Nraug Laus 002
1. How old are you?
I'm 33 years old.
2. What is your current relationship status?
3. Are you trying to pursue a relationship?
Yes, but not as actively as I should be. There are several reasons for that, but mostly due to a lack of time on my part, and a limited amount of Hmong people where I reside.
I'm at a loss on where to find potential dates these days. The clubs and bars are mostly ladies who are just out to have a good night out with their friends and don't want to be bothered. And randomly messaging someone on Facebook seems to get you the cold shoulder and quick "creeper" label.
I find that most people these days are more open to meeting someone when they're introduced by a friend or family.
I would say that I'm definitely more courageous since my younger years. There's no longer that fear of rejection anymore. Over time, I just brush it off, and realize that I'm not her type and walk away.
In order to find more potential partners, I have considered moving to a more Hmong populated area before. But there are two things that doesn't allow for it: my career field and all of my family that's deeply rooted where I currently reside.
4. Do you date non-Hmong women?
I've dated primarily Hmong women.
I would consider dating outside. However, in the end, I would prefer someone who shares a mutual understanding of my background, culture and family beliefs. Having grown up in a traditional Hmong family, I'm sure it would be pretty hard for someone outside to understand.
Overall, what I look for in a partner is someone who is caring, respectful of me and my family and motivates me to be a better version of myself.
5. How many siblings do you have, and what is your birth order? Are they married or single? How does that affect the pressure on you to get married?
There are 6 of us, including myself. We have three boys and three girls in the family. Two of my sisters and one of my brothers are married. I'm the oldest of all six, so you can already guess my parent's constant pressure on me.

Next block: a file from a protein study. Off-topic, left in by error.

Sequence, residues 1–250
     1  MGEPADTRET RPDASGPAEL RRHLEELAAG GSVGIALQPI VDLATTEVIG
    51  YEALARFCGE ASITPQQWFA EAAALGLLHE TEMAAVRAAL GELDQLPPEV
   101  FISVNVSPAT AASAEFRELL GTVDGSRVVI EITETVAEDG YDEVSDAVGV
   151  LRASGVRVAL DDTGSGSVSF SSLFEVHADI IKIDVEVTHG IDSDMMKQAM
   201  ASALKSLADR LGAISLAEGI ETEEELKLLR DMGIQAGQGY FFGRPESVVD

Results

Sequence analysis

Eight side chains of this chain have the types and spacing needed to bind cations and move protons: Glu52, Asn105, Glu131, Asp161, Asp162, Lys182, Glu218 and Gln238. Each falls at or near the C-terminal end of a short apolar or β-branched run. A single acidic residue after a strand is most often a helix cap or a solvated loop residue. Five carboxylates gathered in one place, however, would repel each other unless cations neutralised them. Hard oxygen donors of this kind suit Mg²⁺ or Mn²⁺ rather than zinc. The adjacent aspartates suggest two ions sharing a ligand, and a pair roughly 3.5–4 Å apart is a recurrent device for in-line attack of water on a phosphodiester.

6. Are your parents divorced or together?
Yes, they are still married.
7. Have you had an opportunity for marriage?
I came close to asking a woman to marry me, but things took a turn for the worse in our relationship. We broke up, and I had some regrets at the beginning. Over time, I've accepted that we were not compatible and it was best that we went our separate ways.
I think about old girlfriends sometimes, and where they are living, how they are doing and if they've accomplished their goals.
I don't ponder on the what-if's and what-could've because it's already in the past.
8. What are your parents', siblings', and extended families' perspective on marriage for you?
Where I live, it is a very small Hmong community and very tight-knit. So I don't just get the parental lecture, I get reminded by the entire Hmong community.
My parents would remind me of my age and how I should not wait too late to start a family. They would also tell me that I would be seen as less significant in the community due to my single status.
And then there's the local community. It's gotten to a point where they don't even ask me how I am anymore. It's straight from "Hello" to "Are you married?!"
I understand where my parents are coming from. They only want the best for me, hence why they're always reminding me. But the part about being less significant just because I'm single upsets me at times.
Great interview. I can relate to everything! However, in contrast, I haven’t dated a Hmong guy since I was 19 years old. It’s not that I don’t like Hmong guys, it’s hard to find Hmong people in general where I live.
It is frustrating at times when you’re single and pressured to find someone to marry. I wish my parents would emphasize more on how proud they are of me in my career more than the fact that I’m not married yet.
Thanks for your stories! It’s nice to know I’m not alone in this.